Isom's story of the fight with ghastly joy in her death-marked face.
ALL night the court-house was guarded and on guard. At one
corner of the square Rufe Stetson, with a few men, sat on watch in
old Sam Day's cabin-the fortress of the town, built for such a
purpose, and used for it many times before. The prisoners, too,
were alert, and no Stetson ventured into the open square, for the
moon was high; an exposure anywhere was noted instantly by the
whistle of a rifle-ball, and the mountaineer takes few risks except
under stress of drink or passion. Rome Stetson had placed pickets
about the town wherever surprise was possible. All night he
patrolled the streets to keep his men in such readiness as he could
for the attack that the Lewallens would surely make to rescue their
living friends and to avenge the dead ones.
But the triumph was too great and unexpected. Two Braytons
were dead; several more were prisoners with young Jasper in the
courthouse; and drinking began.
As the night deepened without attack the Stetsons drank more, and
grew reckless. A dance was started. Music and "moonshine" were
given to every man who bore a Winchester. The night was broken
with drunken yells, the random discharge of fire-arms, and the
mono-tone of heavy feet. The two leaders were helpless, and the
inaction of the Lewallens puzzled them. Chafed with anxiety, they
kept their eyes on the court-house or on the thicket of gloom where
their enemies lay. But the woods were as quiet as the pall of
shadows over them. Once Rome, making his rounds, saw a figure
crawling through a field of corn. It looked like Crump's, but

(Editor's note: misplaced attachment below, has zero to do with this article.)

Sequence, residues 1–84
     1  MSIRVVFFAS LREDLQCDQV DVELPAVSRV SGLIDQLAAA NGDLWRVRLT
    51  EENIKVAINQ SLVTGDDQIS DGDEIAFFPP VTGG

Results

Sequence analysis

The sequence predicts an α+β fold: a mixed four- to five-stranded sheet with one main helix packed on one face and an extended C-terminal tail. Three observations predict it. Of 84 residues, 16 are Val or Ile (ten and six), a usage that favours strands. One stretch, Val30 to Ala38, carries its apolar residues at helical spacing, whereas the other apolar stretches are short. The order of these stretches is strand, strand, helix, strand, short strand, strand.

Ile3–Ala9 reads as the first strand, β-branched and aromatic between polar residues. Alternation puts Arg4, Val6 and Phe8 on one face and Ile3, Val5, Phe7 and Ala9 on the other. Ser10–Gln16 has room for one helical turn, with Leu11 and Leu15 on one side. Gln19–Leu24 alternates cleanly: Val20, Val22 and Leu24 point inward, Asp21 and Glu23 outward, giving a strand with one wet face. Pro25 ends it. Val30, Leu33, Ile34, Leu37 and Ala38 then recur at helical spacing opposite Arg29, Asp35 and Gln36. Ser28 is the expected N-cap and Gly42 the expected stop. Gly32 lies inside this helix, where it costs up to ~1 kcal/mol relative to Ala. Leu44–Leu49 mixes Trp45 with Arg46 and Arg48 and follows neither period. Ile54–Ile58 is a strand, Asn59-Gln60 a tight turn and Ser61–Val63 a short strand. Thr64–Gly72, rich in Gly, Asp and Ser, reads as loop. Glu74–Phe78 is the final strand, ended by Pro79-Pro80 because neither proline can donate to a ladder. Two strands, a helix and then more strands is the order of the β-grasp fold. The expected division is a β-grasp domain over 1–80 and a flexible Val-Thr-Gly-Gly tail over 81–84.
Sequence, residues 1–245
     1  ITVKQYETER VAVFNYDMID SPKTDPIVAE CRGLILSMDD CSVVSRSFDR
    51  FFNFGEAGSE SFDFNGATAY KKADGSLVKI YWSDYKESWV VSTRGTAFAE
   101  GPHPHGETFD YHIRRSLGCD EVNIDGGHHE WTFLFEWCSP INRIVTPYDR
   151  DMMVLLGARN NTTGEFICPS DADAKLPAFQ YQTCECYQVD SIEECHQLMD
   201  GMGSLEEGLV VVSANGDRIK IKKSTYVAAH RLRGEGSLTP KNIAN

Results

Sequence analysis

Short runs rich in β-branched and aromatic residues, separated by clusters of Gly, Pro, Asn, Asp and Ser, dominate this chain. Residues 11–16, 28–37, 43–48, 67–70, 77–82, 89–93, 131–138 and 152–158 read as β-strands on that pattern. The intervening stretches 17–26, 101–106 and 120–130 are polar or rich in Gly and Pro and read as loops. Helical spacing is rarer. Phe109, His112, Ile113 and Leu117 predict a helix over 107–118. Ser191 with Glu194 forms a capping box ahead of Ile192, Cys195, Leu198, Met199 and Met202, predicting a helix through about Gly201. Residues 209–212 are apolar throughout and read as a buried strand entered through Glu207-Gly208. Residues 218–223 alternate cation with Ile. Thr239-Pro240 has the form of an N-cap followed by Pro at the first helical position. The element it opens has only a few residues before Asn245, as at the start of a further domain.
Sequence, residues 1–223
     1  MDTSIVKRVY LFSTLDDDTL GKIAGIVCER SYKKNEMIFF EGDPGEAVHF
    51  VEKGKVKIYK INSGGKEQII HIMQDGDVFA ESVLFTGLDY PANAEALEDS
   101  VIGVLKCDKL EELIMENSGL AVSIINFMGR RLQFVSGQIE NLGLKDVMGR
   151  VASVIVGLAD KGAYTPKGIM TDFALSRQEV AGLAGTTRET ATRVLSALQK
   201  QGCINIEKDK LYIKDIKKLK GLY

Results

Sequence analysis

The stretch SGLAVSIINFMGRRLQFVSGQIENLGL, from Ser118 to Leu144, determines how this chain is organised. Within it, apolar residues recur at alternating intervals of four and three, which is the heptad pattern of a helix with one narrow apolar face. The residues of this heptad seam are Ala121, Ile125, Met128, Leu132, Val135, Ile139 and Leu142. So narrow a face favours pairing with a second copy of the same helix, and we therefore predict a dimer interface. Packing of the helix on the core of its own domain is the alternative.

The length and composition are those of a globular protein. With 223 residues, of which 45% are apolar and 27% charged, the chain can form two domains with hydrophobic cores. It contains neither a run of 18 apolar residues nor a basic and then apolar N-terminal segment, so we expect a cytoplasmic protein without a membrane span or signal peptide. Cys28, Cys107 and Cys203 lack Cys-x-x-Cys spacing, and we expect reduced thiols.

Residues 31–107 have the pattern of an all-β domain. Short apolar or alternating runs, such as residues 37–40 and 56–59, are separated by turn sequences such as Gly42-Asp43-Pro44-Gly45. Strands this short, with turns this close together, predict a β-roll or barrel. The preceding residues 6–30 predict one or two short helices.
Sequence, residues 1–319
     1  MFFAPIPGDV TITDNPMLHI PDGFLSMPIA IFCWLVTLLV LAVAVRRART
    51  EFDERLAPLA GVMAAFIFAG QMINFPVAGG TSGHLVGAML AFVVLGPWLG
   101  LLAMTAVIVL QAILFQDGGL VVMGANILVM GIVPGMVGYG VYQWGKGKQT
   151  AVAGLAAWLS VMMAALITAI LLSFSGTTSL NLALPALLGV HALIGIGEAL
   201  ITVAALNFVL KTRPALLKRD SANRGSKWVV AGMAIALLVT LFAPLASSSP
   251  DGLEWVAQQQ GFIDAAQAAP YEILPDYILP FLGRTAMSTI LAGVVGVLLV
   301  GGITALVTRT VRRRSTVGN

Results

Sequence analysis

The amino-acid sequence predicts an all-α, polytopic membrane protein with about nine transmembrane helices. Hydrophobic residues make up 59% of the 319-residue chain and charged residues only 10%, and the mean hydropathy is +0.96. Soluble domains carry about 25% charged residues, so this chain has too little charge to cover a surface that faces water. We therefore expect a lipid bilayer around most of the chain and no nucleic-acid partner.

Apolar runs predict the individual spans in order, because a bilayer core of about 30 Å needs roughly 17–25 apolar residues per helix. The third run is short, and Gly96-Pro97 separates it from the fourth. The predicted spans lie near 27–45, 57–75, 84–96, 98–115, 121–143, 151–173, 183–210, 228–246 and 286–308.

before he could fire the man rolled like a ball down the bushy bank
to the river. An instant later some object went swiftly past a side
street-somebody on horseback-and a picket fired an alarm. The
horse kept on, and Rome threw his rifle on a patch of moonlight,
but when the object flashed through, his finger was numbed at the
trigger. In the moonlight the horse looked gray, and the rider was
seated sidewise. A bullet from the court-house clipped his hat-brim
as he ran recklessly across the street to where Steve Marcum stood
in the dark behind old Sam's cabin.
"Jim Hale 'll git him as he goes up the road," said Steve,
calmly-and then with hot impatience, "Why the hell don't he
Rome started forward in the moonlight, and Steve caught his arm.
Two bullets hissed from the court-house, and he fell back.
A shot sounded from the bushes far away from the road. The horse
kept on, and splashed into Troubled Fork, and Steve swore bitterly.
"Hit hain't Jim. Hit's that mis'able Bud Vickers; he's been a-stan
din' guard out'n the bushes 'stid o' the road. That was a spy, I tell
ye, 'n' the coward let him in and let him out. They'll know now
we're all drunk! Whut's the matter?
Rome's mouth was half open. He looked white and sick, and SteveDownload<<BackPagesMainNext>>